The novel tackles many subjects, among them: political power struggles; resistance and/or adaption to technological change; technological based evolution; metaphysics; the ‘haves’ versus the ‘have-nots’ of our world; the role and acceptance of prophets; and the sociological issues encountered in any population of humans.
The basic plot involves a near-future when the internet is tested as a direct connection to the mind via Air. The results of an Air test are followed through the lives of a fictional Asian village; and, in particular, through Chung Mae, who acquires profound insights and visions through Air.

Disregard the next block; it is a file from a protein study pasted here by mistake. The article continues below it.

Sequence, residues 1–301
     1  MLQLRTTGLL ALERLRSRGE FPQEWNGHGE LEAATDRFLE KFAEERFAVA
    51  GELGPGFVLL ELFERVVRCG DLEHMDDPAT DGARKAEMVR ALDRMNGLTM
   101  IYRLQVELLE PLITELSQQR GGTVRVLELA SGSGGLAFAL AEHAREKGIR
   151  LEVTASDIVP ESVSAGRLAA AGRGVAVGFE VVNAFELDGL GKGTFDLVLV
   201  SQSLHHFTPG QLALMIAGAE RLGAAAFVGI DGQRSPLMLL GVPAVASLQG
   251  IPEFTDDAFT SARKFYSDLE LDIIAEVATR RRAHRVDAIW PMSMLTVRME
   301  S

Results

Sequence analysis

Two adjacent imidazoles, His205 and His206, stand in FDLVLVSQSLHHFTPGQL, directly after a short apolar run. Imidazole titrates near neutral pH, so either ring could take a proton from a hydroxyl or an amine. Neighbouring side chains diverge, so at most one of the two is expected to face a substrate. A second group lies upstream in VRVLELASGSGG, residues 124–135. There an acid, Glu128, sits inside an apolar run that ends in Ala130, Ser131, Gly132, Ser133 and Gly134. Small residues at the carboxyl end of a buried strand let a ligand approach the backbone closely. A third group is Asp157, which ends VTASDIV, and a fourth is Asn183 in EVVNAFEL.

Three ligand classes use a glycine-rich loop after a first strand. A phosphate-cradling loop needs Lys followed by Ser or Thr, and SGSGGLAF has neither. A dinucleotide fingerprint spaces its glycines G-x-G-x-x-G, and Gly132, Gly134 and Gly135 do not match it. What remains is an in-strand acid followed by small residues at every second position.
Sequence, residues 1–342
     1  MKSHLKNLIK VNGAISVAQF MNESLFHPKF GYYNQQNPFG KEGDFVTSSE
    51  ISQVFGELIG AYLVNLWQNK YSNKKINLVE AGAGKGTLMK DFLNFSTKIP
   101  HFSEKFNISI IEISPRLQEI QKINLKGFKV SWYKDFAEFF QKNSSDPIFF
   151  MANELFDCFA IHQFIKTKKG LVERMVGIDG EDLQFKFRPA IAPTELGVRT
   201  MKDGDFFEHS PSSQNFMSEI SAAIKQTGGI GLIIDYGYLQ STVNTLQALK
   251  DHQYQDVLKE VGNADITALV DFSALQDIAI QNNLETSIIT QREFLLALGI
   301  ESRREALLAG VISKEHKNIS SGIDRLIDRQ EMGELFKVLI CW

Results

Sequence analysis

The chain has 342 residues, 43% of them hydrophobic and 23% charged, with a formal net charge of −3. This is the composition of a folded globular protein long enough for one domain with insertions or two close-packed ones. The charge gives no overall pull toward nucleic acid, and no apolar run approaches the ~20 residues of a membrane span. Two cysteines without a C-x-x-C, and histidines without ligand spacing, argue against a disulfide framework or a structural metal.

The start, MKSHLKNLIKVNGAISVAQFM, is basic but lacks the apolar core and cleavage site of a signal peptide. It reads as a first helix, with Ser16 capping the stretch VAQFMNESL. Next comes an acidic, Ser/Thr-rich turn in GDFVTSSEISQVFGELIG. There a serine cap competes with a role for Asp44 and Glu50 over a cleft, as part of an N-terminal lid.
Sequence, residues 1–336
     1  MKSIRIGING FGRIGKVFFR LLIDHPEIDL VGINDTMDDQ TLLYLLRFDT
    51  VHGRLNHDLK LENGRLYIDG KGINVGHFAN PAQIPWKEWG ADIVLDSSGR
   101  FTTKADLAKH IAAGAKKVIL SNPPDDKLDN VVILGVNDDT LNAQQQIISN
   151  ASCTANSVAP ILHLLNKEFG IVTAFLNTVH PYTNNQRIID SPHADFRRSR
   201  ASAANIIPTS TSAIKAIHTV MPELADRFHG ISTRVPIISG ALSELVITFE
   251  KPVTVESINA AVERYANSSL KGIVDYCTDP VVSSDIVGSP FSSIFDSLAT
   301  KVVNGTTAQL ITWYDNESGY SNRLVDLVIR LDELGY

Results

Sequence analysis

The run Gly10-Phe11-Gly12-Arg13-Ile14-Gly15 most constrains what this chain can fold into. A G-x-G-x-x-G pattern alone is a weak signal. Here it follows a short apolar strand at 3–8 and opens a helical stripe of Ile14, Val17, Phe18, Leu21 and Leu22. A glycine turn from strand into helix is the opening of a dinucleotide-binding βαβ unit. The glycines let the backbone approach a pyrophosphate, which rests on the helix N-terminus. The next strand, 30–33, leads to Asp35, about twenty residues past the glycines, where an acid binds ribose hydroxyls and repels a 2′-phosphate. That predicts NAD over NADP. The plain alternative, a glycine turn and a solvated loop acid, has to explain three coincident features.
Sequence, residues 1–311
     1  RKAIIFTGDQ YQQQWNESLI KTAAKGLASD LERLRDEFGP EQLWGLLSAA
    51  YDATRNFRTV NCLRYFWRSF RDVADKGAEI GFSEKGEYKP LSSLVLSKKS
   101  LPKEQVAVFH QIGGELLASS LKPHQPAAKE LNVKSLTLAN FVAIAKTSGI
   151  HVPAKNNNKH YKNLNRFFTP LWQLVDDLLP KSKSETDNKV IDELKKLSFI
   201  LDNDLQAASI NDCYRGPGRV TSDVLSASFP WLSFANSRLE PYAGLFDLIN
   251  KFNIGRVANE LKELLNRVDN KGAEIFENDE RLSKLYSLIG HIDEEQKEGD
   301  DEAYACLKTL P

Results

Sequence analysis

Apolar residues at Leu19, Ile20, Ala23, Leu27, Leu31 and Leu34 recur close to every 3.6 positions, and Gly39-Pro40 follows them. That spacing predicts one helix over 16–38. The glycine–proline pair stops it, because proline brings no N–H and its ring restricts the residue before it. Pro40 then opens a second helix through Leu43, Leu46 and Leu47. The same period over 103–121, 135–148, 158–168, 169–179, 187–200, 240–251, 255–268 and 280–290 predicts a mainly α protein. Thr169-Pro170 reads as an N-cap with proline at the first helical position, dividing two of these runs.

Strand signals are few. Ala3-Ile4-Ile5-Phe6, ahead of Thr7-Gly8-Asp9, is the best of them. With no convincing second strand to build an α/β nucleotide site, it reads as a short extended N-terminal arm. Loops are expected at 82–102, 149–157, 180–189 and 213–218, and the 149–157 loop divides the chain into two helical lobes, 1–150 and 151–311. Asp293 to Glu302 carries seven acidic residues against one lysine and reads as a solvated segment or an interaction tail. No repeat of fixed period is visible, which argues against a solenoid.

“It’s all so precious, thought Mae-in-Air, it’s all so beautiful, we have to ignore it all, to get on with the laundry.” (p. 379)
It’s a wonderfully imagined novel: themes are revealed gradually, but effectively. I had some problems getting through the third-quarter of the book (and found it difficult to withhold disbelief in a couple of circumstances), but the end justifies the means; and, as a whole, it is an excellent read.